“If you want to create more than only a car, then you have to do more than only look at the car,” says Weber. “You have to ask what a city in 2030 will look like. We know that more than 50 per cent of all people will live in crowded urban areas. Then what happens? What will the customer do in their car? You have to understand their lifestyle. The car is part of your daily life, your digital companion.”

Weber believes that while a self-driving car from Mercedes may be an efficient space when it is driving itself, it will still provide pleasure when you want it to, unlike other modes of transport. He does not believe that driving will become obsolete.

“[Transport autonomy] will happen in taxis and trains but not in the car,” he says. “It is comparable to skiing. Everyone takes the lift to the top, but the enjoyable part – downhill – you want to do yourself.”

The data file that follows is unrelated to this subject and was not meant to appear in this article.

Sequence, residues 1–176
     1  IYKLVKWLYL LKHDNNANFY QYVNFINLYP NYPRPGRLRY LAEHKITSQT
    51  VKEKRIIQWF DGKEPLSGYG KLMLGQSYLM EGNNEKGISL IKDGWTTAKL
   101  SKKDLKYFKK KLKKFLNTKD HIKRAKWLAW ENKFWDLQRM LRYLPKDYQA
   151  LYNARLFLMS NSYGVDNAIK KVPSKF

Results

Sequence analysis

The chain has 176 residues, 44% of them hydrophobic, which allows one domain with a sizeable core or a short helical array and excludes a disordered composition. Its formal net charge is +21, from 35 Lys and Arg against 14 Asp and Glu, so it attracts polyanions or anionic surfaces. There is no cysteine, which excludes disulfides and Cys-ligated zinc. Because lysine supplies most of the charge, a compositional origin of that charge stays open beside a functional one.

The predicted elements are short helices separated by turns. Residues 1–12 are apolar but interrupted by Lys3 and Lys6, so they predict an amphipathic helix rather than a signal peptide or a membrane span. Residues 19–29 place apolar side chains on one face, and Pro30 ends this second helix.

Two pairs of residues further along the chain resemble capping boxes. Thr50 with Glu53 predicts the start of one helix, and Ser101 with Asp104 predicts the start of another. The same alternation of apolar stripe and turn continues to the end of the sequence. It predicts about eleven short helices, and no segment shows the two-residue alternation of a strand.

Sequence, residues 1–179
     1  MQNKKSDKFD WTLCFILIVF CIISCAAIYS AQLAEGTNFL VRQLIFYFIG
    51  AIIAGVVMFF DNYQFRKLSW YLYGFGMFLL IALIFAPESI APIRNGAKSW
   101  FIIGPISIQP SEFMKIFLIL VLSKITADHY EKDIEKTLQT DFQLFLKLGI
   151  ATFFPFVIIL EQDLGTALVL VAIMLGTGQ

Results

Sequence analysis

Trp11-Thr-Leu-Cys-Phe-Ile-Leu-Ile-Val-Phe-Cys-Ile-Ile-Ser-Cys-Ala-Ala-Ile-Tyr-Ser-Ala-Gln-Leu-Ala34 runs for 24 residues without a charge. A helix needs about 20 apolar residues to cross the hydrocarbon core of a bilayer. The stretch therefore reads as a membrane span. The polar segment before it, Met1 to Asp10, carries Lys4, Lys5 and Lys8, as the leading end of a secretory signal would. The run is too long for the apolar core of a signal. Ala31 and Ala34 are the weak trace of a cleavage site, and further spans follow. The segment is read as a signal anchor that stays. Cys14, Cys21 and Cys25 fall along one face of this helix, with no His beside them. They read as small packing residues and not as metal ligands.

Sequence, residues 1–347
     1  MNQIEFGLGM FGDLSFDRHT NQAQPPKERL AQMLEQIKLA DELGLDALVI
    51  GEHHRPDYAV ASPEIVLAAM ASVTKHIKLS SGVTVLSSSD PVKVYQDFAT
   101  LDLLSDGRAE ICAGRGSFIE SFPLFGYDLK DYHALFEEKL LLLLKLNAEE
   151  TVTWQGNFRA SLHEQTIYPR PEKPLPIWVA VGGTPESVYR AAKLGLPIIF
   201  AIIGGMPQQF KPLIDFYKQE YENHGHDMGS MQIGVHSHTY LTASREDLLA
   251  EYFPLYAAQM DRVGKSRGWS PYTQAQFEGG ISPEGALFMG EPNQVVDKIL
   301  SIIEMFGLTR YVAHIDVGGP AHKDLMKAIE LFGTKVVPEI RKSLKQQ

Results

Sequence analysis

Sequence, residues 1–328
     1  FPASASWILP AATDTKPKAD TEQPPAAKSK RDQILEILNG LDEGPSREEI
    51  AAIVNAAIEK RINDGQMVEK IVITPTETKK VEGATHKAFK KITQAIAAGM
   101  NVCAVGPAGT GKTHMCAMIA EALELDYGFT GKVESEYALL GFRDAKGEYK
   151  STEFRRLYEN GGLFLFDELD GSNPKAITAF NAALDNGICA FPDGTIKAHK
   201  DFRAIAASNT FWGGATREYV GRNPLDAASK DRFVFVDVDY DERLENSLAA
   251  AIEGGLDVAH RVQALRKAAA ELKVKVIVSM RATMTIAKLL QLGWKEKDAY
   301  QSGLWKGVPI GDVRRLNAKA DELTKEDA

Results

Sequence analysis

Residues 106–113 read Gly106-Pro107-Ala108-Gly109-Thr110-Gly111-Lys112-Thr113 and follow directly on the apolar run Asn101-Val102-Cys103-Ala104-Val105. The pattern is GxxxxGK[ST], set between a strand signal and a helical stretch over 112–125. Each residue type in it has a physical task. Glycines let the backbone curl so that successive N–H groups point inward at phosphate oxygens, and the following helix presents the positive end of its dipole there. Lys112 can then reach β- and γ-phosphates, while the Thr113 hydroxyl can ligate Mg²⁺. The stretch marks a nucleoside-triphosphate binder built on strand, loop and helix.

City Slicker: The Mercedes F 015 could revolutionize urban life

City Slicker:
The Mercedes F 015 could revolutionize urban life

Admittedly, a machine would in most circumstances be a better driver than any human; they don’t get tired, distracted or forget which side of the road they should be on. Accidents could reduce to near zero; insurance, too. “We need autonomous driving to realize our vision of accident-free driving,” says Weber. “With sensors and these machines we can mitigate most of the critical situations where accidents happen.”

There are still issues – technological and legal – to iron out before these cars will be on the road. “There is a concern that some of our colleagues will do certain steps too early and terrible accidents could happen based on poorly realized autonomous cars,” says Weber. “If that happens then we could be forbidden from developing these cars. We need to do everything possible to mitigate these early failures.”